We reported previously that HCV core protein is degraded by at least two distinct pathways: a ubiquitin-dependent proteasome pathway and a ubiquitin-independent proteasome pathway.17 The ubiquitin E3 ligase, E6AP, can catalyze ubiquitin ligation of the core protein for ubiquitin-dependent degradation in the cytoplasm,18 whereas PA28γ participates in the degradation of the core protein through a ubiquitin-independent pathway in the nucleus.17 We have also demonstrated that PA28γ knockdown leads to enhanced ubiquitination of HCV core protein.8 However, the interplay between these two pathways in cells infected with HCV has not been determined. To address this point, we examined the effects of knockdown of E6AP or PA28γ on the virus propagation and the ubiquitination of the core protein. JFH-1 virus was inoculated into E6AP- and/or PA28γ knockdown cell lines (Fig. 5A). Transfection of the plasmid encoding shRNA to E6AP into the control cells (shCntrl) increased virus production (Fig. 5A [C-E]) in comparison with that of the control cells transfected with the plasmid encoding control shRNA (Fig. 5A [C-C]). Furthermore, the impaired virus production in the PA28γ knockdown cells (KD5) was restored by the transfection of the plasmid encoding shRNA to E6AP (Fig. 5A [P-E]). Cells expressing hemagglutinin (HA)-tagged ubiquitin infected with the JFH-1 virus were immunoprecipitated by the anti-core antibody, and the immunoprecipitates were analyzed by immunoblotting with anti-HA antibody (Fig. 5B). E6AP knockdown decreased the ratio of ubiquitination of HCV core protein, in contrast to the increase of that by PA28γ knockdown (Fig. 5B, lanes C-E and P-C). Furthermore, E6AP knockdown in the PA28γ knockdown cells restored the ubiquitination of the core protein to a certain extent (Fig. 5B, lane P-E). It was shown that Pro245 of PA28γ is critical for binding to the 20S proteasome, and that Gly150 and Asn151 of PA28γ are important for activation of the proteasome.26 To further examine the functional significance of PA28γ on HCV propagation, expression plasmids encoding siRNA-resistant PA28γ mutants in which Gly150, Asn151, and Pro245 were replaced with Ser (G150S), Tyr (N151Y), and Tyr (P245Y), respectively, were transfected into KD5 cells and inoculated with JFH-1 virus at 24 hours posttransfection. The infectious virus titers in the culture supernatant were determined at 3 days postinfection (Fig. 5C). KD5 cells transfected with the plasmid encoding wild-type PA28γ exhibited a partial recovery of virus production, although those transfected with the plasmid encoding PA28γ G150S, N151Y, or P245Y or with an empty vector exhibited no effect on virus production. Replacing Lys188 with Glu in PA28γ (PA28γ K188E) confers the capability of proteasome-mediated cleavage after hydrophobic, acidic, and basic residues such as those exhibited by PA28α.27 Expression of siRNA-resistant PA28γ K188E in KD5 cells could not restore virus production (Fig. 5D). The ubiquitination of HCV core protein was inhibited by expression of the wild-type PA28γ but not expression of the PA28γ mutants (P245Y or K188E) in KD5 cells (Fig. 5D). Collectively, these results suggest that PA28γ positively regulates HCV propagation by inhibiting degradation of HCV core protein by an E6AP/ubiquitin-dependent proteasome.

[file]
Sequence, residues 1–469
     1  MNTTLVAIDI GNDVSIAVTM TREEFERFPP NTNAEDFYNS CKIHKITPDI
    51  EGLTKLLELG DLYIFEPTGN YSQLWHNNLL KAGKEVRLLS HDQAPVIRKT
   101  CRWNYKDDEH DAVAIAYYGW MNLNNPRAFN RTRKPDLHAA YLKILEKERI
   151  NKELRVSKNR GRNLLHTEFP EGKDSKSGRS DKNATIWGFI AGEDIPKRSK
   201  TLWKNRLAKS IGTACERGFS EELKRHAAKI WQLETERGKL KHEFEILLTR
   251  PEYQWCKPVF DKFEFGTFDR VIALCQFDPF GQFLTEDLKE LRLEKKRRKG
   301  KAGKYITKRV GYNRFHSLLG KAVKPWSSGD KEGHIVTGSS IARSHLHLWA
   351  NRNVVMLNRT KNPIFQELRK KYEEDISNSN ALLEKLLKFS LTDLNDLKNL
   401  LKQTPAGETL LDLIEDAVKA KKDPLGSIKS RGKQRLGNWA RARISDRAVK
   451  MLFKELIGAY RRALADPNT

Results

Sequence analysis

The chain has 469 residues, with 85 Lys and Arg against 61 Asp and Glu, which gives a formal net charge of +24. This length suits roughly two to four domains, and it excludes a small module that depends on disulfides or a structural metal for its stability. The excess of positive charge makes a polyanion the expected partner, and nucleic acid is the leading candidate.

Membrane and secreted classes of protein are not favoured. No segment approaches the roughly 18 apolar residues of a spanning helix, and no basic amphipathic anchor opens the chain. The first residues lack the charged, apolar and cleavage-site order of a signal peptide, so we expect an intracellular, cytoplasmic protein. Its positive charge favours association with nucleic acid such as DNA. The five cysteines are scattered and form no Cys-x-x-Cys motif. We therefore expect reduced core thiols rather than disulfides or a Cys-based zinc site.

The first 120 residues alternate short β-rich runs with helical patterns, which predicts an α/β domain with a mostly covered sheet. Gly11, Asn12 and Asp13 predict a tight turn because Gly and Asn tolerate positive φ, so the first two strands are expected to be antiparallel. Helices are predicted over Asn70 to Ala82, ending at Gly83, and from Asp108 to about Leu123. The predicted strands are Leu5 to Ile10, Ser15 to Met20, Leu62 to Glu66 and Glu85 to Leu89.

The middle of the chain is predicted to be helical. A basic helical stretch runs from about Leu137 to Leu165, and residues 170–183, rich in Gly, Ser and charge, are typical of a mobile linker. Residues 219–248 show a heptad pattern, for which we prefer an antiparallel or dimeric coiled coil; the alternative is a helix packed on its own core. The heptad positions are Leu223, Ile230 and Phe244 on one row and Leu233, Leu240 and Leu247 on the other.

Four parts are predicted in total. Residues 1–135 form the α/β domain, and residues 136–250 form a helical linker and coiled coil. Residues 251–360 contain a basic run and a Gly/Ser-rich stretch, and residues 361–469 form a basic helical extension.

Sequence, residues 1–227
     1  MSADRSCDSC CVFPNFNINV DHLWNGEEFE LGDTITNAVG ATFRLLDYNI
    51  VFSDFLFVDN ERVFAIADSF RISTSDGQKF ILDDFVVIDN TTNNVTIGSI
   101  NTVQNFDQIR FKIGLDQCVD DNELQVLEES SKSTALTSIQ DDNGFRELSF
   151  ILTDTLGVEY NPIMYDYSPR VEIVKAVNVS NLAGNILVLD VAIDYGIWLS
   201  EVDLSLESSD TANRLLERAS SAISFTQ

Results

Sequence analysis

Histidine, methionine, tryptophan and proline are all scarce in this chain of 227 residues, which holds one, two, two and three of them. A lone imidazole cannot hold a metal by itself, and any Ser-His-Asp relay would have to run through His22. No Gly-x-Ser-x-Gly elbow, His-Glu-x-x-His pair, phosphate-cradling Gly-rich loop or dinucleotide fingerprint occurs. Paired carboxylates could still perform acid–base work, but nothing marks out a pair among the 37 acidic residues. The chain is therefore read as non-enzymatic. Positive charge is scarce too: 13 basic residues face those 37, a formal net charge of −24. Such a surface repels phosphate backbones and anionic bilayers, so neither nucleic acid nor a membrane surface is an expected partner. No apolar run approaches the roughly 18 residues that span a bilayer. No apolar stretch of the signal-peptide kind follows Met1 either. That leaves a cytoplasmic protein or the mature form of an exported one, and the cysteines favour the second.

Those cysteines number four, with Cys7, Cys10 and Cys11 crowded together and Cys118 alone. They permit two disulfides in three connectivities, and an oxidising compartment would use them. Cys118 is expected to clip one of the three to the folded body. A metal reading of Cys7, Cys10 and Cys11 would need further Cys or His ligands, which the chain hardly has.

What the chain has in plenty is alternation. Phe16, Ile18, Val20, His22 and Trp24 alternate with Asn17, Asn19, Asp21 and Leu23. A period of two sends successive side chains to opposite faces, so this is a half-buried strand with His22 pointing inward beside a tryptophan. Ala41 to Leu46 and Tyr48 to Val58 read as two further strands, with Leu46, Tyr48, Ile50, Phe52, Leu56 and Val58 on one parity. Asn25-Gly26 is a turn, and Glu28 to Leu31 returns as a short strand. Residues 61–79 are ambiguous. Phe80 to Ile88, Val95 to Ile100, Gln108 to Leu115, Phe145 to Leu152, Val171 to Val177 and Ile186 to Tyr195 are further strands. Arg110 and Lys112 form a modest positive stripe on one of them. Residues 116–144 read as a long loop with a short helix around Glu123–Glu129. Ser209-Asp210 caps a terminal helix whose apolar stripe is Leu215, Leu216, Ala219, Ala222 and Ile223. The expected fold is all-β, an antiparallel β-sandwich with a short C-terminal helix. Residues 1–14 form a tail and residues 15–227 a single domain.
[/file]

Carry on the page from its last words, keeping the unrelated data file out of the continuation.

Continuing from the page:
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Figure 5. PA28γ knockdown enhances E6AP-dependent ubiquitination of core protein and reduces virus titer. (A) shCntrl and KD5 cells transfected with plasmids encoding the negative control (C-C and P-C) or E6AP (C-E and P-E) shRNA were treated with puromycin for 2 days. The remaining cells seeded at 2.5 × 104 cells in a 24-well plate were infected with the JFH-1 virus at an moi of 0.05, and infectious virus titers in the supernatants were determined at 72 hours postinfection by way of focus-forming assay. (B) The cells transfected and infected as in (A) were further transfected with a plasmid encoding HA-tagged ubiquitin at 48 hours postinfection. The cells were treated with 10 μM MG132 for 5 hours at 72 hours postinfection and subjected to immunoprecipitation with anti-core monoclonal antibody and immunoblotting with anti-HA antibody. The ratio of ubiquitination of HCV core protein was assessed by the densitometries of the ubiquitinated and unubiquitinated core proteins. (C) KD5 cells transfected with plasmids encoding wild-type or mutant PA28γ were infected with the JFH-1 virus at an moi of 0.05 at 24 hours posttransfection, and the infectious titers in the supernatant were determined at 72 hours postinfection by way of focus-forming assay. (D) KD5 cells transfected with plasmids encoding HCV core protein and HA-tagged ubiquitin, together with wild-type or mutant PA28γ, were treated with 10 μM MG132 for 5 hours at 24 hours posttransfection and subjected to immunoprecipitation with anti-core monoclonal antibody and immunoblotting with anti-HA antibody. EV, empty vector; WT, plasmid encoding wild-type PA28γ. *P < 0.05 versus shCntrl or KD5 cells transfected with the negative control or empty vector. Data are representative of three independent experiments.